Accompanying the excellent visuals is a lively soundtrack that perfectly complements the game’s energetic atmosphere with that beloved Master System style. The Japanese version has some great FM sound, but the western release still sounds great. I know some people argue that the music may veer towards the overly cheerful side at times, but to me it undeniably contributes to the game’s sense of joy and adventure. Shinichi Sakamoto’s terrific music is a hallmark of the franchise and core to what’s made it so popular. You really do need to hear it with the FM sound enhancement; it’s a lot richer and robust, something you just couldn’t get in western Master System games back in the 8-bit days. Thankfully, it’s possible to play The Dragon’s Trap with it today. I admit that there’s a lack of variety in tracks that may become noticeable over extended play sessions, but the selections are catchy as hell, especially the dungeon themes, and there’s enough of them to keep the soundtrack from wearing thin over extended play.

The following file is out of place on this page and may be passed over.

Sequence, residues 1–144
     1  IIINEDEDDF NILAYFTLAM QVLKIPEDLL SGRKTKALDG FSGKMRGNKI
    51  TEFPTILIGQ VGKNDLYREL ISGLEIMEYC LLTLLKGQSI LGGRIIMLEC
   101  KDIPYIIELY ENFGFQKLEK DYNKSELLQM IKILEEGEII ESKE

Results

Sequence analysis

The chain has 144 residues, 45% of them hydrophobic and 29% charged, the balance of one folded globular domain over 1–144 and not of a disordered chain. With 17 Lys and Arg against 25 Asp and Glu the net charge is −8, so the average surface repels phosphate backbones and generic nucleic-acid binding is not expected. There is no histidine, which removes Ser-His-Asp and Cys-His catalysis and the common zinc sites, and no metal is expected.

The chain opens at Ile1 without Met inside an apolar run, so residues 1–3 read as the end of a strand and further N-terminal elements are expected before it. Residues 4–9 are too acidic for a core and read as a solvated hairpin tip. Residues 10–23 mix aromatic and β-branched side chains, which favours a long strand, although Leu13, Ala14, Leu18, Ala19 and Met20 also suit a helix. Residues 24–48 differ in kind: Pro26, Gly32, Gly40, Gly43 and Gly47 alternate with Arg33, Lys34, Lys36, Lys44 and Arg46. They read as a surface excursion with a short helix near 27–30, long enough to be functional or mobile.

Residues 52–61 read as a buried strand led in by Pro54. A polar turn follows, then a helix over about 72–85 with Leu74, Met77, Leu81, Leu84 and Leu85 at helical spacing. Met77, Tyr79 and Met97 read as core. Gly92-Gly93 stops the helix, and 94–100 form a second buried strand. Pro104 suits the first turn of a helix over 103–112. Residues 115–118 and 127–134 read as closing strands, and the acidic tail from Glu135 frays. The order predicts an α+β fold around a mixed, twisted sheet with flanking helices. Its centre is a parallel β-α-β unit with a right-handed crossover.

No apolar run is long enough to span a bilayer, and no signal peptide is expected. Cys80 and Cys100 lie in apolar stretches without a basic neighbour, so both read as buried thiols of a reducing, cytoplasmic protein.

As I mentioned, The Dragon’s Trap was released on the TurboGrafx-16 in 1991 (without the Wonder Boy moniker) and had a save option for those using the TurboBooster Plus or the CD-ROM add-on, making it the definitive one of the era. Sega itself ported The Dragon’s Trap to Game Gear a year later, but modern gamers would do best to partake of the delightful 2017 remake by Lizard Cube and DotEmu, reimagined for modern consoles and with the collaboration of Westone founder and Monster World series creator Ryuichi Nishizawa. It’s a love letter to fans of the series and one not to be missed.

In conclusion, The Dragon’s Trap on Master System stands as a shining example of timeless game design, blending innovative mechanics, captivating visuals, and an infectious sense of adventure to create an experience that is as enchanting today as it was upon its initial release. With its richly detailed world, engaging gameplay, and memorable soundtrack, The Dragon’s Trap is a worthy addition to the Wonder Boy series and continues to captivate players of all ages, cementing its status as a true Master System classic.

SCORE: 8 out of 10


One Comment

  1. Best SMS game, without a doubt. And probably the best game of the Wonder Boy series. How could it be less than 10 out of 10?